One notices the predominance of lectures on Old Testament books, but there were also important lectures on New Testament writings in the early years, in the later 1520s, and in 1531. This despite the important fact that the young genius in Greek studies, Philip Melanchthon, had joined the Wittenberg faculty in 1518, soon achieved the degree of baccalarius biblicus, and frequently gave lectures on New Testament books at the university despite breaking off doctoral studies in theology in order to devote himself to the arts and to humanist studies. For his part, Luther certainly was devoted to the application in his lectures of the studies in Hebrew grammar that he had intensified between 1515 and 1518 and then demonstrated in his second Psalms course. But despite this application, and despite the brilliance of his translation (with the help of his “Sanhedrin” of assistants) of the Old Testament from Hebrew to German, Luther cannot be termed a “Hebraist” in the sense of the 16th-century flowering of Christian Hebrew studies that was an important part of the humanist movement, especially in Germany.11 Rather, Luther grew increasingly skeptical of this aspect of the humanist movement, precisely because he judged that such Hebraists as Sebastian Münster were overly dependent on Jewish rabbis for their understanding of the Old Testament. In Luther’s conviction, the true meaning of the Old Testament as a revelation of Christ and the gospel was being compromised, a threat that he countered frequently and penetratingly in his lectures (especially those on Genesis) as well as through published writings devoted extensively, and defensively, to responding to Jewish interpretations of the Old Testament by way of biblical commentary.
The Published Commentary as Means of Reform
Already before the controversy erupted over Luther’s Ninety-Five Theses on indulgences, Luther began to share the insights of his engagement with scripture in published biblical commentary. The first of his own writings that he published, appearing in March or April 1517, was a translation into German of the seven penitential psalms, with commentary. Here, after having engaged the Psalter for the learned in his university lectures, Luther presents himself to the German people as a theologian and pastor, concerned to guide them in Christian faith and life through biblical commentary focusing on the literal sense of the penitential psalms as they communicate the grace of Christ and of God. As he wrote at the time to his friend Johann Lang, the Augustinian prior in Erfurt, if his translation and explanation of these psalms in the vernacular “is pleasing to no one else, it is highly pleasing to me.”12 Luther’s work was praised by the learned and was popular among the people as well, and sales of the edition were so rapid that a second edition was printed the next year; several more editions followed, including a version reworked by Luther in 1525.13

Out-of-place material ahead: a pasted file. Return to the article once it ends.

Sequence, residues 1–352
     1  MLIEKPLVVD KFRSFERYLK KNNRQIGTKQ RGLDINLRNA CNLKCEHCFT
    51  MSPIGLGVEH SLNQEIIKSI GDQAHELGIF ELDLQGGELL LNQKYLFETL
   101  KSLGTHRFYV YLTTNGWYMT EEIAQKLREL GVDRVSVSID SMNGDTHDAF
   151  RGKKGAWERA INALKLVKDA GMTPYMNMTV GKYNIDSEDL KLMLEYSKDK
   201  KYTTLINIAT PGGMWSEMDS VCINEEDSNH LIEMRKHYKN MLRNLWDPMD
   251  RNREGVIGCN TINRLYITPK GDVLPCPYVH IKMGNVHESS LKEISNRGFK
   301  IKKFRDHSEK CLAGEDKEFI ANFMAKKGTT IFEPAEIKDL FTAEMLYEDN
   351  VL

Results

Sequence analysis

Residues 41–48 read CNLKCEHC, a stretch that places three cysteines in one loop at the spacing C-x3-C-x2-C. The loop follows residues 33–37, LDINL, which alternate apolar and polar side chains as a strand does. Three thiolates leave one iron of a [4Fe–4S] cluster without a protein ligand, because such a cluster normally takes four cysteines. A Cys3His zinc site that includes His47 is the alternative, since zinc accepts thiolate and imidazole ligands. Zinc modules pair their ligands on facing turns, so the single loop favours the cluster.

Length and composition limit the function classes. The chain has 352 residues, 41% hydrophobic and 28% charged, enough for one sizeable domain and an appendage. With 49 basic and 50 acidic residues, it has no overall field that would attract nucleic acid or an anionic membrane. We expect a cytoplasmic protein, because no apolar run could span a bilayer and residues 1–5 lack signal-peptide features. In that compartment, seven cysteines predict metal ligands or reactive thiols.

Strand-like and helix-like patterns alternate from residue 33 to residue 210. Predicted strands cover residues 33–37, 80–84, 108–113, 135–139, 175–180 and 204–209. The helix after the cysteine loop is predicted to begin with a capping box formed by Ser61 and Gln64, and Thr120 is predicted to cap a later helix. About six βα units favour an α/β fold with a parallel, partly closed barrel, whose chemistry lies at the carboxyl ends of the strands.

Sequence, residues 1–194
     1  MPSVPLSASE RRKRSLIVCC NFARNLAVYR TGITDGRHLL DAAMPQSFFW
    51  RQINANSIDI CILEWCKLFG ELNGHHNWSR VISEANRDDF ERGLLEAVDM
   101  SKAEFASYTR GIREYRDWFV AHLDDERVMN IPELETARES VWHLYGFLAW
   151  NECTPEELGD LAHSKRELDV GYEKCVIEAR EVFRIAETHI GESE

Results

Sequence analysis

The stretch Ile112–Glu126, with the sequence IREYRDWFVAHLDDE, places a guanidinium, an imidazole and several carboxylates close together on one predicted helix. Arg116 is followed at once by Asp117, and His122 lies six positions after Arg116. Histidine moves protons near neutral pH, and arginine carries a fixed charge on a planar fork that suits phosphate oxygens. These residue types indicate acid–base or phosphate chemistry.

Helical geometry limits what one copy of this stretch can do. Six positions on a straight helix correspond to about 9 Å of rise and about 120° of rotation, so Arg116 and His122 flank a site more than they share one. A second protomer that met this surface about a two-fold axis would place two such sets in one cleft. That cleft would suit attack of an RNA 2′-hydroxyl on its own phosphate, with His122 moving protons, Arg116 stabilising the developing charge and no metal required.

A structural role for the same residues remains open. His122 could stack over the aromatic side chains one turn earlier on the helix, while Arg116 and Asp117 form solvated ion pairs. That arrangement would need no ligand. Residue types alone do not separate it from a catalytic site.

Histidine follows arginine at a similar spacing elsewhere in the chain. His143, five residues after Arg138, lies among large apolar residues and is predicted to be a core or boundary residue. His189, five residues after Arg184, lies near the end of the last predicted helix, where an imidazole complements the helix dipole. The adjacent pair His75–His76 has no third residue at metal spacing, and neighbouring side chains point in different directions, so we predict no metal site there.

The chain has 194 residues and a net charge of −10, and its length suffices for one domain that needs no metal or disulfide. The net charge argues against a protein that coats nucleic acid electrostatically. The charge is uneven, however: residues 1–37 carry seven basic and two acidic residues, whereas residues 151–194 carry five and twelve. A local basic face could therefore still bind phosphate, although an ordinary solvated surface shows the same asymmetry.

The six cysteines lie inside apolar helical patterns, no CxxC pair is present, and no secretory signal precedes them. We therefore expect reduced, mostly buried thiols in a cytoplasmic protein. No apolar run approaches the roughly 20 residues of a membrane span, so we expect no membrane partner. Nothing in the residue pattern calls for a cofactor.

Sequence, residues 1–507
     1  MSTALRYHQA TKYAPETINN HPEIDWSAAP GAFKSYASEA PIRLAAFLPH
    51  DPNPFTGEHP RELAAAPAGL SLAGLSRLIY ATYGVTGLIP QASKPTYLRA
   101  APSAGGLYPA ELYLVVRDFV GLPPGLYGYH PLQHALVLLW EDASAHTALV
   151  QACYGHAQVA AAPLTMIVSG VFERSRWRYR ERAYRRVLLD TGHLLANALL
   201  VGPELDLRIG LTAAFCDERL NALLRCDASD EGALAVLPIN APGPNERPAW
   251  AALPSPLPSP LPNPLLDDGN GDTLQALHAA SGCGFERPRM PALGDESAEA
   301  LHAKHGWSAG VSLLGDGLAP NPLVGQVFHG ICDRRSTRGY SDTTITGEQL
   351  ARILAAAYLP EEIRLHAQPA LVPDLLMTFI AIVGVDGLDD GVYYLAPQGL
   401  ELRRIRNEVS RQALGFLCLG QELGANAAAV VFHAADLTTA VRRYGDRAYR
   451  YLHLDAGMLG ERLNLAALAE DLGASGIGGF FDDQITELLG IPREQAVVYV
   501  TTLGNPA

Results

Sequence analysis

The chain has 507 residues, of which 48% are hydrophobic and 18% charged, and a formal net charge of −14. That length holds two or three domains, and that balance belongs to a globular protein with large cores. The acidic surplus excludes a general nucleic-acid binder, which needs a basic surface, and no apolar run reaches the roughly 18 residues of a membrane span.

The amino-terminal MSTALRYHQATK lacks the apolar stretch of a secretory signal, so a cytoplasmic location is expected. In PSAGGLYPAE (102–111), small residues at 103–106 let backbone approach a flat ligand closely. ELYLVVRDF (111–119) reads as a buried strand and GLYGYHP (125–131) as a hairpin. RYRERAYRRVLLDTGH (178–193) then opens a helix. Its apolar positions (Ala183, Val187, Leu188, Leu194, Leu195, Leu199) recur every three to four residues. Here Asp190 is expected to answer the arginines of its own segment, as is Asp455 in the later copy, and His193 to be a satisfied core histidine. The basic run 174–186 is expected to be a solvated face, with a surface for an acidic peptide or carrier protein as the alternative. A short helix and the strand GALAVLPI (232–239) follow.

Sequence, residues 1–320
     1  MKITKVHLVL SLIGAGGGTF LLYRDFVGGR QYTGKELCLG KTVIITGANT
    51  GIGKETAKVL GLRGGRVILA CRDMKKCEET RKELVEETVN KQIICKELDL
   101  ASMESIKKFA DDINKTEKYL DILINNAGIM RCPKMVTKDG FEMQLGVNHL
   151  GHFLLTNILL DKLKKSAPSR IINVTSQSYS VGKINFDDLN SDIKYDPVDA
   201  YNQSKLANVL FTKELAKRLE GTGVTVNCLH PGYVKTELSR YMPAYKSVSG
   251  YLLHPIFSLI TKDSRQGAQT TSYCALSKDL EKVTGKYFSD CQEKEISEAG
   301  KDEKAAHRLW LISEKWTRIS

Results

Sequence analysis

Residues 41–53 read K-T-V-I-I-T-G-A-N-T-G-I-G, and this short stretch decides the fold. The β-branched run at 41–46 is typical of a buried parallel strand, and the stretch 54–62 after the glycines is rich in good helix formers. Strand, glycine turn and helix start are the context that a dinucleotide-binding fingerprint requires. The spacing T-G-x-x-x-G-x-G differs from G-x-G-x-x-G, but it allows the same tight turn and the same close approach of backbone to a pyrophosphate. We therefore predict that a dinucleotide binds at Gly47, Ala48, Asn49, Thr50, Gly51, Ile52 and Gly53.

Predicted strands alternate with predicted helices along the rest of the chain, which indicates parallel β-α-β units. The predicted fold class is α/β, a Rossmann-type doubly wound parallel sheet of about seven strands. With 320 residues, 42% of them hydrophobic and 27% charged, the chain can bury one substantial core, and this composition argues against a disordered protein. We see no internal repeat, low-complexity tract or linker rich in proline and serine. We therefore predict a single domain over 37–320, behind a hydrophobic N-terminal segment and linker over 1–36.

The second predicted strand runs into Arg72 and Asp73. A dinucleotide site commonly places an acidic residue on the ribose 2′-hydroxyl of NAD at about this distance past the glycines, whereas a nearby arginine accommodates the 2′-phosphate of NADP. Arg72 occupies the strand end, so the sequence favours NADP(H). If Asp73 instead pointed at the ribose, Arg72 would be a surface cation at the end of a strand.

As the controversy over indulgences catapulted Luther into conflict with the papal hierarchy and transformed his vocation into that of the leading evangelical reformer of the Protestant Reformation, biblical commentary continued to be a significant genre of Luther’s published work. In some cases Luther himself prepared his Latin lectures on biblical books for publication; more often various assistants, working from transcriptions of his lectures by students in Luther’s university classroom, saw to the publication of his lectures, similar to the way most of Luther’s published sermons were edited from the careful notes of his auditors rather than prepared for publication by the Reformer himself. Many of the Latin commentaries were quickly translated into German, often through the efforts of Luther’s friend and colleague Justus Jonas. Of the editors of the lectures (and sermons), Georg Rörer, who utilized a system of shorthand for recording Luther’s oral speech, and Luther’s personal secretary or famulus, Veit Dietrich, were most frequently engaged in the task of publishing Luther’s lectures in the genre of biblical commentary.14
Significant Old Testament Commentary by Luther Published in the Reformation Era
“Operationes in Psalmos” and other Psalms Commentary, 1519–1546